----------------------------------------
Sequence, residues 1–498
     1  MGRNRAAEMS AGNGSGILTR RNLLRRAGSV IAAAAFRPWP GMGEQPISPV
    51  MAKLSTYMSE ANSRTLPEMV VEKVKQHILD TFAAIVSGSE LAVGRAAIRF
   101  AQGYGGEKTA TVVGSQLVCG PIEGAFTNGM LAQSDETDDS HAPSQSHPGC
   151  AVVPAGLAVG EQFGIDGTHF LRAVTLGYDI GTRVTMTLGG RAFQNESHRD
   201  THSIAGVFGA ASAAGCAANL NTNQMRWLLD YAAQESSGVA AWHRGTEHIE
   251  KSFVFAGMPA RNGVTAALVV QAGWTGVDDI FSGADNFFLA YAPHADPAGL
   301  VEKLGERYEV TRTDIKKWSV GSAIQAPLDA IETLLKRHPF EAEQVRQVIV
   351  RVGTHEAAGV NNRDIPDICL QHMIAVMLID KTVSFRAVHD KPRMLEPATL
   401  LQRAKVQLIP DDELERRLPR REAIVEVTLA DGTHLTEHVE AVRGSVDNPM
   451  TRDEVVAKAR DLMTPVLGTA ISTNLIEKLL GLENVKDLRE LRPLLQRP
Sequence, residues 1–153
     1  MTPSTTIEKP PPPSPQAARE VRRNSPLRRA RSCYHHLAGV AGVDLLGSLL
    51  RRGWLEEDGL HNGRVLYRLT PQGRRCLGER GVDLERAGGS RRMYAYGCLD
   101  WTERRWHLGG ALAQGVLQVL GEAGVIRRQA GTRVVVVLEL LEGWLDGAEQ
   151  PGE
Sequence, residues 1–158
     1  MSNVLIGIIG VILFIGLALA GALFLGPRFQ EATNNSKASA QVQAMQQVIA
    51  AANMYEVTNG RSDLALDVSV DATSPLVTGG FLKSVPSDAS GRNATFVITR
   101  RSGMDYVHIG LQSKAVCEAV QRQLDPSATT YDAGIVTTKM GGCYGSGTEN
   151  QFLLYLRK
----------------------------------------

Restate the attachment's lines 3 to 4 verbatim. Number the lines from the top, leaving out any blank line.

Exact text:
    51  MAKLSTYMSE ANSRTLPEMV VEKVKQHILD TFAAIVSGSE LAVGRAAIRF
   101  AQGYGGEKTA TVVGSQLVCG PIEGAFTNGM LAQSDETDDS HAPSQSHPGC